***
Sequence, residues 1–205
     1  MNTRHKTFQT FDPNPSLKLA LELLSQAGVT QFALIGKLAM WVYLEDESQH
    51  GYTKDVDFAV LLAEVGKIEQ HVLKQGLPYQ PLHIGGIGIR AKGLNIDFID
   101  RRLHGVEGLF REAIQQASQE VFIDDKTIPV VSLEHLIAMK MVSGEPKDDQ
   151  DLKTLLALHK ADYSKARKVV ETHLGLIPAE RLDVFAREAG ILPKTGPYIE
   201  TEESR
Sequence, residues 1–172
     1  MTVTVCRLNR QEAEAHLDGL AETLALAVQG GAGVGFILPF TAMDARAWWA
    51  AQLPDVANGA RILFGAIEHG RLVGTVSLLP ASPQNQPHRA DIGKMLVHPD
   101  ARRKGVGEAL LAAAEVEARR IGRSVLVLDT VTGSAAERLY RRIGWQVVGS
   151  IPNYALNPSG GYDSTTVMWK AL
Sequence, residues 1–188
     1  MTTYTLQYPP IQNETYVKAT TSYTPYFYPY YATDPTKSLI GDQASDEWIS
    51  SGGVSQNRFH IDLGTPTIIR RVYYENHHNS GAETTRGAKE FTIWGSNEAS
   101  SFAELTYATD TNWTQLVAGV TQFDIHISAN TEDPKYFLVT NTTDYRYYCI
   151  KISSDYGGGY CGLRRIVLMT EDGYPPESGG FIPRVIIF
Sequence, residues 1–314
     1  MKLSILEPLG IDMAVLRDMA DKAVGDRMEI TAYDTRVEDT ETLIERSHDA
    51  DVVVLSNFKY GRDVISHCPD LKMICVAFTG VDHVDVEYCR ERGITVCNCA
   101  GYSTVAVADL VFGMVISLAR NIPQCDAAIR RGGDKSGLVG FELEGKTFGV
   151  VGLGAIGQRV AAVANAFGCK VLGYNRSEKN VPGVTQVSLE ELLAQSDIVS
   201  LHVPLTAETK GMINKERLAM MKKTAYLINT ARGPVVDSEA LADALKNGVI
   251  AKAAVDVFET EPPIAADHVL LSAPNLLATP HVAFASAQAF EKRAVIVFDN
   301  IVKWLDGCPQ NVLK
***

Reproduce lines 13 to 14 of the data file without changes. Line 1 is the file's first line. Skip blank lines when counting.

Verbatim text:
     1  MTTYTLQYPP IQNETYVKAT TSYTPYFYPY YATDPTKSLI GDQASDEWIS
    51  SGGVSQNRFH IDLGTPTIIR RVYYENHHNS GAETTRGAKE FTIWGSNEAS